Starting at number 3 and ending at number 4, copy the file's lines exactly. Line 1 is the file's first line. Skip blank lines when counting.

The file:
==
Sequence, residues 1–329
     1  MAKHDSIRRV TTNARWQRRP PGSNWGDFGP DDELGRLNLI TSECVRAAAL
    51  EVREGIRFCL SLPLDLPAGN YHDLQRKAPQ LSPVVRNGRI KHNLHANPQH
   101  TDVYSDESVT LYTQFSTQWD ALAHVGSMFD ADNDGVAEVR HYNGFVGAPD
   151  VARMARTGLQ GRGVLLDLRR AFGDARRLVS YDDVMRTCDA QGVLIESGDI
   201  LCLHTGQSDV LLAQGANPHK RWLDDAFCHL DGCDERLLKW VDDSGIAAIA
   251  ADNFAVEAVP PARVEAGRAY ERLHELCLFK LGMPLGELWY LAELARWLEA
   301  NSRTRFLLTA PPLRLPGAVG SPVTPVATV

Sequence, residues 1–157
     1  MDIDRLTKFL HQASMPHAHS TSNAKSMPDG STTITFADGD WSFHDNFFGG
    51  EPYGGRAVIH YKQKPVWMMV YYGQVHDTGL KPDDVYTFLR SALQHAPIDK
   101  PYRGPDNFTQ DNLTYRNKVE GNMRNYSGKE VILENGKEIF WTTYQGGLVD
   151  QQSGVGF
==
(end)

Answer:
    51  EVREGIRFCL SLPLDLPAGN YHDLQRKAPQ LSPVVRNGRI KHNLHANPQH
   101  TDVYSDESVT LYTQFSTQWD ALAHVGSMFD ADNDGVAEVR HYNGFVGAPD